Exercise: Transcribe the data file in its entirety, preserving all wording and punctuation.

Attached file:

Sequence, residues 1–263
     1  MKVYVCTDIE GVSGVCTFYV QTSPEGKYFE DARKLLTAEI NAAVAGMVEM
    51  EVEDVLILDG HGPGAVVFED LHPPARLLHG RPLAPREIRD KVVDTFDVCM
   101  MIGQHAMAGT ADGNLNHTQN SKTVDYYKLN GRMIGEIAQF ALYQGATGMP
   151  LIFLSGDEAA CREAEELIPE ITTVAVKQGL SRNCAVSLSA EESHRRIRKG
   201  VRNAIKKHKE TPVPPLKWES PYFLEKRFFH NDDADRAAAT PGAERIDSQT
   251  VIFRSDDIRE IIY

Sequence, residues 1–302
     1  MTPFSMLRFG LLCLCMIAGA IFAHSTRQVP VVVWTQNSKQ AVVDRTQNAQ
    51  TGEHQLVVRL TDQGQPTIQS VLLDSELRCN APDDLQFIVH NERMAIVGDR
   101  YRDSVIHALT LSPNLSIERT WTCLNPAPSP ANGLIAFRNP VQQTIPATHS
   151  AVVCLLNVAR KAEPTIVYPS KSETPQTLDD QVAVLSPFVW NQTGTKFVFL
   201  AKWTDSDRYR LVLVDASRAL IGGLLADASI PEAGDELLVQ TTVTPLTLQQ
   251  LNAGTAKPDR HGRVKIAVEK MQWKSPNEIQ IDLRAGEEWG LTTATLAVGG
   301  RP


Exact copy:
Sequence, residues 1–263
     1  MKVYVCTDIE GVSGVCTFYV QTSPEGKYFE DARKLLTAEI NAAVAGMVEM
    51  EVEDVLILDG HGPGAVVFED LHPPARLLHG RPLAPREIRD KVVDTFDVCM
   101  MIGQHAMAGT ADGNLNHTQN SKTVDYYKLN GRMIGEIAQF ALYQGATGMP
   151  LIFLSGDEAA CREAEELIPE ITTVAVKQGL SRNCAVSLSA EESHRRIRKG
   201  VRNAIKKHKE TPVPPLKWES PYFLEKRFFH NDDADRAAAT PGAERIDSQT
   251  VIFRSDDIRE IIY

Sequence, residues 1–302
     1  MTPFSMLRFG LLCLCMIAGA IFAHSTRQVP VVVWTQNSKQ AVVDRTQNAQ
    51  TGEHQLVVRL TDQGQPTIQS VLLDSELRCN APDDLQFIVH NERMAIVGDR
   101  YRDSVIHALT LSPNLSIERT WTCLNPAPSP ANGLIAFRNP VQQTIPATHS
   151  AVVCLLNVAR KAEPTIVYPS KSETPQTLDD QVAVLSPFVW NQTGTKFVFL
   201  AKWTDSDRYR LVLVDASRAL IGGLLADASI PEAGDELLVQ TTVTPLTLQQ
   251  LNAGTAKPDR HGRVKIAVEK MQWKSPNEIQ IDLRAGEEWG LTTATLAVGG
   301  RP